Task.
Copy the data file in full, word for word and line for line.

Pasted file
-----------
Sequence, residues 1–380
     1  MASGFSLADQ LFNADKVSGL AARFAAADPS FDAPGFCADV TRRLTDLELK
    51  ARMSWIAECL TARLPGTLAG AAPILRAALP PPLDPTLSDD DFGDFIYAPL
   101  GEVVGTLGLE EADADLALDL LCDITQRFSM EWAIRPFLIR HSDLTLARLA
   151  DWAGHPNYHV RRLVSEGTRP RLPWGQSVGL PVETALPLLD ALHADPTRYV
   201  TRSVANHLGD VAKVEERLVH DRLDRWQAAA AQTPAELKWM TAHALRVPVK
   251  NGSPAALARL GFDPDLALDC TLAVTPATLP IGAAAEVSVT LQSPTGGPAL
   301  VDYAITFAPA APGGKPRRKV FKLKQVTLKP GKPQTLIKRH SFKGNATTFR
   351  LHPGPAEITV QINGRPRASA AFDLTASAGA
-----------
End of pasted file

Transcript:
Sequence, residues 1–380
     1  MASGFSLADQ LFNADKVSGL AARFAAADPS FDAPGFCADV TRRLTDLELK
    51  ARMSWIAECL TARLPGTLAG AAPILRAALP PPLDPTLSDD DFGDFIYAPL
   101  GEVVGTLGLE EADADLALDL LCDITQRFSM EWAIRPFLIR HSDLTLARLA
   151  DWAGHPNYHV RRLVSEGTRP RLPWGQSVGL PVETALPLLD ALHADPTRYV
   201  TRSVANHLGD VAKVEERLVH DRLDRWQAAA AQTPAELKWM TAHALRVPVK
   251  NGSPAALARL GFDPDLALDC TLAVTPATLP IGAAAEVSVT LQSPTGGPAL
   301  VDYAITFAPA APGGKPRRKV FKLKQVTLKP GKPQTLIKRH SFKGNATTFR
   351  LHPGPAEITV QINGRPRASA AFDLTASAGA